3. To See if Tree Roots is Impacting the Sewer Line
Large trees can damage sewer lines. It is a very common problem, especially if you have large trees with roots that grow out far from the tree. Homeowners planning on planting new trees need to make every effort not to plant near sewer lines.
Three things trees need is nutrients, oxygen, and water. If a sewer line is losing water due to a crack, it is natural for the roots to grow in that direction. It is easy for the roots to enter the pipes.
Once roots are in the line, they grow and eventually block the path for water and waste.
Using a sewer inspection camera, the plumber can easily detect the issue. Based on how much damage is done, a section of the sewer may need to be replaced.
4. Backed Up Drains
Most sewer problems begin with backed up drainage. When water begins to back up into the home, it can be hard to determine where the issue is. You can have a blockage in a bathroom on one side of the house, impact plumbing in the kitchen.
To determine where the blockage is located a plumber camera is run through the drainage system. The point of entry can be from the main sewer line at ground level or the stack vent which opens on the roof of a home.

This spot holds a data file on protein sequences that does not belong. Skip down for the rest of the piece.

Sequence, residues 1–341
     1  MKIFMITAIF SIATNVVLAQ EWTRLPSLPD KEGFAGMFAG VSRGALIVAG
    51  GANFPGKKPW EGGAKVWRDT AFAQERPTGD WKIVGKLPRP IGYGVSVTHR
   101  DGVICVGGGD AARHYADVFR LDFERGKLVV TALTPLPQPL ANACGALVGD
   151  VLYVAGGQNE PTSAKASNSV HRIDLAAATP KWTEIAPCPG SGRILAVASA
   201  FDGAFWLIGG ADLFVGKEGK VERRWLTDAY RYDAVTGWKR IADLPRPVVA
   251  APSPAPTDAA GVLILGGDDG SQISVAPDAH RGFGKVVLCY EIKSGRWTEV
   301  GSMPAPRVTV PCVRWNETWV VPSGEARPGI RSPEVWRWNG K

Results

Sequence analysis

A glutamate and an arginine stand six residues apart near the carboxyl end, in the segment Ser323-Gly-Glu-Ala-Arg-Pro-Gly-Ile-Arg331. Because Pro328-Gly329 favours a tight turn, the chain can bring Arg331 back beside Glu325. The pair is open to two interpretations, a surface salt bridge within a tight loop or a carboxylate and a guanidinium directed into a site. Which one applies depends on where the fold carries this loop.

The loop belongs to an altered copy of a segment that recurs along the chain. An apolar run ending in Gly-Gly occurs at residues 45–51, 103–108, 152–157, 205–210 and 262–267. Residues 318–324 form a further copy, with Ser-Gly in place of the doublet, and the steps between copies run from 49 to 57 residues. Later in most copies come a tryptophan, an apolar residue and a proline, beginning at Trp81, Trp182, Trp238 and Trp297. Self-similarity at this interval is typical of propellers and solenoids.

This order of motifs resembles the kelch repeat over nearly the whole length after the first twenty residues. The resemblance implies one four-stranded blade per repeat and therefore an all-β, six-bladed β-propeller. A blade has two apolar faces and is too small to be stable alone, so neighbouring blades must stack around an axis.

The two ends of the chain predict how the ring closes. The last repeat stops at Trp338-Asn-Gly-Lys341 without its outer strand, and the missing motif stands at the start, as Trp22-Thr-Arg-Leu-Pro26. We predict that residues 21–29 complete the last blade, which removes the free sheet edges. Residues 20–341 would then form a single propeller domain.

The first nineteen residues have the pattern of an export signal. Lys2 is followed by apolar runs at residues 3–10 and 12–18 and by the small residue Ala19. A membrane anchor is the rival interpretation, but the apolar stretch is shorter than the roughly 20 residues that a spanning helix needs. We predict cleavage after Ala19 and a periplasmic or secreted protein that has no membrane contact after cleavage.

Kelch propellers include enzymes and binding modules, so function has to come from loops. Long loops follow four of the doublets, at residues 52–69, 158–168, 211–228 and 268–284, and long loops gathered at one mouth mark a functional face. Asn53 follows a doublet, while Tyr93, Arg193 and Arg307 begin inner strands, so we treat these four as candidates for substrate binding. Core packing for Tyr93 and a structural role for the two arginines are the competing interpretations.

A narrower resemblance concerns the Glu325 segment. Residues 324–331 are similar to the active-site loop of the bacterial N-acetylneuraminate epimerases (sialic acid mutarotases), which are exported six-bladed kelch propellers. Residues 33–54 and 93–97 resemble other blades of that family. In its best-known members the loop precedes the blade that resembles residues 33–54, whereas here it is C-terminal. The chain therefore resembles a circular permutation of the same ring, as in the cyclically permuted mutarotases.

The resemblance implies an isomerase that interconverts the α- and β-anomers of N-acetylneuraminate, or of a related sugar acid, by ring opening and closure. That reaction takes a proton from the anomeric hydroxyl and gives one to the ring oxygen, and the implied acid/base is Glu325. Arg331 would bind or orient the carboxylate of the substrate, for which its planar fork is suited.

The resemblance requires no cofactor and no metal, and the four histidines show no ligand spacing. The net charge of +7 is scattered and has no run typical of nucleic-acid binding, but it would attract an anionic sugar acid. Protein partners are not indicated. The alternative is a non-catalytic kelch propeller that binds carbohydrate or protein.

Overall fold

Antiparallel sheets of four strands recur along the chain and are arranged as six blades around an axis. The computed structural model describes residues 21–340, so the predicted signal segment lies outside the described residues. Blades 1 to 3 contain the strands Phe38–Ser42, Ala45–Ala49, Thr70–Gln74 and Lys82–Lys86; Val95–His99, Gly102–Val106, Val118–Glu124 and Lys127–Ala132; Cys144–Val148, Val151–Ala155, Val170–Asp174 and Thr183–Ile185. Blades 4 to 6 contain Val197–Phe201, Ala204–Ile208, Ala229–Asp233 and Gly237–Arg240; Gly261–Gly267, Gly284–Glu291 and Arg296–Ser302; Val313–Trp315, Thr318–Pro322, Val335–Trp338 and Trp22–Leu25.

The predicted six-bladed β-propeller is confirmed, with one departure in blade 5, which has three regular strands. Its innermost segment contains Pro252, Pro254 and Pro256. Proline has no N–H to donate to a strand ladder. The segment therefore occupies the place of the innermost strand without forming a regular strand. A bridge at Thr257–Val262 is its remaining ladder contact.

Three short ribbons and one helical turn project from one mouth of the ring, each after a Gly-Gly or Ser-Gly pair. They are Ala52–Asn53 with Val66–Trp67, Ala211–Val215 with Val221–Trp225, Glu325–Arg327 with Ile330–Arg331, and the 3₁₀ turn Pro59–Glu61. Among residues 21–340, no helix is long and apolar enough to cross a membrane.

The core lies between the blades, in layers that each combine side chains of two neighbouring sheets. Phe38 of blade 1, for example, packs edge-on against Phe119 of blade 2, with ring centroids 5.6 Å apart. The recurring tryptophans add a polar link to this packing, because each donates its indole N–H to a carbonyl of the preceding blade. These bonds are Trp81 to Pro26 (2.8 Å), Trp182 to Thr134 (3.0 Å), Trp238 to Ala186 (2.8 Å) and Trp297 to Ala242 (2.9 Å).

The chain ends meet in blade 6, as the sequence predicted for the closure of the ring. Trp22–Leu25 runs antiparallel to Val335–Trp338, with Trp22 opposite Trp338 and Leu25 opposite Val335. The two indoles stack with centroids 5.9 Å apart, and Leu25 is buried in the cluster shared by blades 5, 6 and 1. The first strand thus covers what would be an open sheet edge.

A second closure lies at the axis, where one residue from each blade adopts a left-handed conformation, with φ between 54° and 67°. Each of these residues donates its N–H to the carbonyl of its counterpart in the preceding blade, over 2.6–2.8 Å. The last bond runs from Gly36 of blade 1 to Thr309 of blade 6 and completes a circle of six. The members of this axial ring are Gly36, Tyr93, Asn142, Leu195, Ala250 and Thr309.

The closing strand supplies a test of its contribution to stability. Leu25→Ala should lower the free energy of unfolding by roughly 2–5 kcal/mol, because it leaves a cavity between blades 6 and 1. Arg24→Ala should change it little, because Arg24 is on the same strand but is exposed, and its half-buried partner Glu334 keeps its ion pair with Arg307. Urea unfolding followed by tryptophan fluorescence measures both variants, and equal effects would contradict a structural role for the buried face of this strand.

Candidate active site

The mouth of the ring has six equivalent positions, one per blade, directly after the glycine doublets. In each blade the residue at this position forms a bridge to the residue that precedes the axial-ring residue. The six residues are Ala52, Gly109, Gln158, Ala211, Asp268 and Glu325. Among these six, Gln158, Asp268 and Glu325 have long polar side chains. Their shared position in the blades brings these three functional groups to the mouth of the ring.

5. Determine Structure of the Sewer System
Not all sewer line structures are the same. Plumbing is made up of different materials which include cast iron or PVC. The layout is mapped differently based on the design of the home or building.
A plumbing camera comes in handy when determining the direction of the drain lines when a blueprint of the building is not available. Remember, once the visible pipes disappear into the walls the plumbing makes its way into the sewer lines.
The camera will show if PVC tubing has replaced sections of cast iron. The plumber will be able to see where fittings and major sewer clean-out caps are located. Also, the sewer camera will show where the main drain line from the home meets the city or county’s sewer line.
In most places, the property owner is responsible for any plumbing issues on their property.
Do You Need a Plumbing Inspection?
Regardless of the reason for using a plumbing camera, you want a pro to see what’s going on in your drainage system. It’s easier, and you’ll get the full scope of what is going on. Plus, what you need to fix the problem.
If you’re looking for someone to do a sewer inspection, we can help. Our team provides 24/7 emergency services and we accept all major credit cards. Click here to request a free quote.
Request a Free Quote
Serving Miami, Coral Gables, Aventura & Surrounding Area's
eco 1 plumbing
© 2016-2022 Eco1PlumbingMiami.com
– All rights reserved. –
Information on this website may not be re-used without prior written consent from Eco 1 Plumbing.
Looking For Work?
Eco 1 Plumbing is NOW HIRING.
HOURS & LICENSE INFO
Monday-Saturday: 8:00am to 5:00pm
Sunday: Client Emergencies Only
Florida Licensed, Bonded, Insured
Cert. Plumbing Contractor CFC#1428373
ASSE Backflow Certification #24253